In addition, the Ross came in three different case materials, yellow gold filled, white gold filled and coral (rose) gold filled. Furthermore, different choices for hands and dials made selecting the right Ross even more of a challenge. In the end, there are at least six different varieties of Ross models to add to the watch stable.
In 1940 the Coral version of the Ross was introduced with a 982 movement and two dial options to go with the 14K rose gold filled case.
One thing I find interesting about the Ross is for a 1930's model it really foretold a lot of the styling for Hamilton watches in the next 20 years. Considering it was discontinued in 1946, at least to my eye, it seems to fit in well with the rectangular watches that were introduced in the late 1940's and in to the 1950's.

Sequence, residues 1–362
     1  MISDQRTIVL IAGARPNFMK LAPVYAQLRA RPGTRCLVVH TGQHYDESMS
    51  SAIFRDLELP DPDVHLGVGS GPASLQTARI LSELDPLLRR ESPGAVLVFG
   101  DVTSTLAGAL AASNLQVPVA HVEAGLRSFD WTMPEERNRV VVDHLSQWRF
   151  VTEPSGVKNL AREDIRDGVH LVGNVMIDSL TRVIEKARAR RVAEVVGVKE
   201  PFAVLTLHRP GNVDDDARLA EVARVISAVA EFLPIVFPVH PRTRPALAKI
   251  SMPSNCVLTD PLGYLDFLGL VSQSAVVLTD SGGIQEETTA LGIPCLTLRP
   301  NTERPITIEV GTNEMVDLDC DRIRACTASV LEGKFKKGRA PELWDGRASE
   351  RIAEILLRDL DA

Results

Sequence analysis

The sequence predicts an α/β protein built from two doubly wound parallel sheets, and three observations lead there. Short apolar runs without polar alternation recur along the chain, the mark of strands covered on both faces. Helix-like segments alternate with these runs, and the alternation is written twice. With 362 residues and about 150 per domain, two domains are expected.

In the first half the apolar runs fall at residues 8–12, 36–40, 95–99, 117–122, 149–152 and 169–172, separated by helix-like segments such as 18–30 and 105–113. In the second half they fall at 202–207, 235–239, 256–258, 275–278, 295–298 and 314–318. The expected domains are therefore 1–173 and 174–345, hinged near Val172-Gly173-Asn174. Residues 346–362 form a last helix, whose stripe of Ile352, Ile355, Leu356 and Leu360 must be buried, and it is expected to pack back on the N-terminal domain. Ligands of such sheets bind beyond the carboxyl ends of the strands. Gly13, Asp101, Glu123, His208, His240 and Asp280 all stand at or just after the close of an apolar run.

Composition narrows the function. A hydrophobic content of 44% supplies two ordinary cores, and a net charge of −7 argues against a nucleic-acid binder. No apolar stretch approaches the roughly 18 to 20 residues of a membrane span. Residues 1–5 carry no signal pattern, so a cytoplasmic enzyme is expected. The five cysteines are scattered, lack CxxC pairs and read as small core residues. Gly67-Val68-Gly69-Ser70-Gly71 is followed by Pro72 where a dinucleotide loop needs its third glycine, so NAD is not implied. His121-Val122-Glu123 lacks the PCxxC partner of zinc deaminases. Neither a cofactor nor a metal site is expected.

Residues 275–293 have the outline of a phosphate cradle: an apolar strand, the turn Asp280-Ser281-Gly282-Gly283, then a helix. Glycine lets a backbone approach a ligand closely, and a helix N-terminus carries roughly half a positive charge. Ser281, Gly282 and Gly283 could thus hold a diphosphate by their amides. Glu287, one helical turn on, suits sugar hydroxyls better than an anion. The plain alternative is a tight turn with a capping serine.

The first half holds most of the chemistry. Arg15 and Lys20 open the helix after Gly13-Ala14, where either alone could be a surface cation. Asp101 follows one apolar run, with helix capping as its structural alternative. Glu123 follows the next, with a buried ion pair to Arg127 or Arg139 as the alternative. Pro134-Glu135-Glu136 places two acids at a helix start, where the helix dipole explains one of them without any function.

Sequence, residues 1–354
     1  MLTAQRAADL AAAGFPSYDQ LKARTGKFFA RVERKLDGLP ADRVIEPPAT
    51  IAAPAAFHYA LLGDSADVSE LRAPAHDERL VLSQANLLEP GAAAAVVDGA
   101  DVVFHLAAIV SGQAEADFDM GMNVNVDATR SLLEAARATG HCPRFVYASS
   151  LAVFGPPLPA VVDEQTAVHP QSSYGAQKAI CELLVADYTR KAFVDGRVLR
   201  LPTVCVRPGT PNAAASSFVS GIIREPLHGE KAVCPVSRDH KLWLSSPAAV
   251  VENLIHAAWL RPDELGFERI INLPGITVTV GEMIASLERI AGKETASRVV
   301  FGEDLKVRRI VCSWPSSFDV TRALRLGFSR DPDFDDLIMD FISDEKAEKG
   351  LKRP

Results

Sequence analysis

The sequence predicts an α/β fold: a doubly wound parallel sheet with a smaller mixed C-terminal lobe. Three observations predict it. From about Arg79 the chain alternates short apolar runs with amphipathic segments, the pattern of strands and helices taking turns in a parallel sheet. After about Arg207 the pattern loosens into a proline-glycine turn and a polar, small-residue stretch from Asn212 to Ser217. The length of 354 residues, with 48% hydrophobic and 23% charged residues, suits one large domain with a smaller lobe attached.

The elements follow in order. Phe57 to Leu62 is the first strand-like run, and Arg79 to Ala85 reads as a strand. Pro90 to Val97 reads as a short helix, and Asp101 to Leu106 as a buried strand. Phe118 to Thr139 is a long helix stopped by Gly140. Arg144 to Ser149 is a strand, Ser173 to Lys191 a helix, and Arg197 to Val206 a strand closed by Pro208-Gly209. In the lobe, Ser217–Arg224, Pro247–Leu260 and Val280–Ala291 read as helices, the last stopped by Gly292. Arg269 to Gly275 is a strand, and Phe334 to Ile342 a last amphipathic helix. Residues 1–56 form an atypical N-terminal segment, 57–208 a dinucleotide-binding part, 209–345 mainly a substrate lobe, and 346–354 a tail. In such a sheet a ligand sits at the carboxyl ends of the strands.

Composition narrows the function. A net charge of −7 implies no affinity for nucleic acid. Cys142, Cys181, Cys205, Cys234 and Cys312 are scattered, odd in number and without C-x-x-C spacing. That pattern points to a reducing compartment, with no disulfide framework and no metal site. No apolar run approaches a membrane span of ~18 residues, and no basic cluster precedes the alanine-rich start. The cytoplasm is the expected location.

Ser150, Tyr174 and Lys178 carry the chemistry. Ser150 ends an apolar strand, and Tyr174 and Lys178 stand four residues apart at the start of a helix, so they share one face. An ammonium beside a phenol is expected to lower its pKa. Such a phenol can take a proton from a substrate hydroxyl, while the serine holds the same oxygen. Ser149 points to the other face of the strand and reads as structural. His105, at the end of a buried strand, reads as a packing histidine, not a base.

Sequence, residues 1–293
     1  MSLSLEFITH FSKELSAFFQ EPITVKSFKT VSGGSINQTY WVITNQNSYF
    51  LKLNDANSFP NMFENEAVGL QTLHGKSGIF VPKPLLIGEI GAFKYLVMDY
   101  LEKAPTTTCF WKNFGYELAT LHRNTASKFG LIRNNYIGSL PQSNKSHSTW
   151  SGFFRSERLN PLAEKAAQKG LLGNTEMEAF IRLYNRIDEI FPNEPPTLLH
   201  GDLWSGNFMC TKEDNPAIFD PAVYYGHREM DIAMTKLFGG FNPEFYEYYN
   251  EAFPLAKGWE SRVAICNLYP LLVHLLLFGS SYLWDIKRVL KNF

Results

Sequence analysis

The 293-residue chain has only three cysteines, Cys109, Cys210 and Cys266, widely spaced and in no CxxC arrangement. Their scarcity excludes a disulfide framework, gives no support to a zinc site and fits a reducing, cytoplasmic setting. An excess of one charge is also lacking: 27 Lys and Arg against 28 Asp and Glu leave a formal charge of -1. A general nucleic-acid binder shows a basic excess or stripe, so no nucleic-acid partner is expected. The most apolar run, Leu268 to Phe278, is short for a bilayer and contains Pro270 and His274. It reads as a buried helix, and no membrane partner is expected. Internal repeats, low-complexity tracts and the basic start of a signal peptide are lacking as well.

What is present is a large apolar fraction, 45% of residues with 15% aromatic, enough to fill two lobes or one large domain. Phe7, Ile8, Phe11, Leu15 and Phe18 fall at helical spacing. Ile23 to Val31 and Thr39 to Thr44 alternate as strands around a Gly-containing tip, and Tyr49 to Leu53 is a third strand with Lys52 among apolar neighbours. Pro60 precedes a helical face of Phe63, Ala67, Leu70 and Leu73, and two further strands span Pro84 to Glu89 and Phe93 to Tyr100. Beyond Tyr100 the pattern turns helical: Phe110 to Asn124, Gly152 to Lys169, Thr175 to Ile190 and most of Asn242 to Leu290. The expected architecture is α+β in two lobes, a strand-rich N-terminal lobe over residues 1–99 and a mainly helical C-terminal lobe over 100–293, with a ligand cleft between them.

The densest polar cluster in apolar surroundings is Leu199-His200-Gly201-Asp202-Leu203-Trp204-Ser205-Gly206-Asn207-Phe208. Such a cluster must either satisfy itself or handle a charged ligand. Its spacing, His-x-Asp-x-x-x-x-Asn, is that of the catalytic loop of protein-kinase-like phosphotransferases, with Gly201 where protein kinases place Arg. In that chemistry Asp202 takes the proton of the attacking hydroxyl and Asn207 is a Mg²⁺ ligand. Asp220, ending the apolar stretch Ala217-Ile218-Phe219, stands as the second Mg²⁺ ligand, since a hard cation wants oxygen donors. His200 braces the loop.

It's a very sharp design and I especially like the gilt-dialed varieties.
Such a classy watch - you did a great job on mine Dan. It's really interesting to see the range of dial designs too. Not an easy decision at $50 1940 money!ReplyDelete
They're like potato chips too... hard to stop after just one. Ha ha!ReplyDelete
The "Ross" may be my favorite single Hamilton design. The variations make the "Ross" an example of the relationship between design and aesthetics.ReplyDelete
Hi HandyDan. I just came across your blog. I have a vintage Buchanan, in quite poor condition, but still a nice round cushion case that I love, and now I just purchased a Ross in the Coral for my father. Those roman numerals are stunning! In my opinion that's the best iteration of that watch.ReplyDelete
Dan, I have a Hamilton Ross 770 22J which I thought was made in 1961 (from a picture in the Shugart & Gilbert book) and now I read the Ross was last made in 1946. It has a white dial with vertical pin stripes and no numbers. No serial number on the works. What can you tell me about it?ReplyDelete
How can I get a BoultonReplyDelete
Look on ebayDelete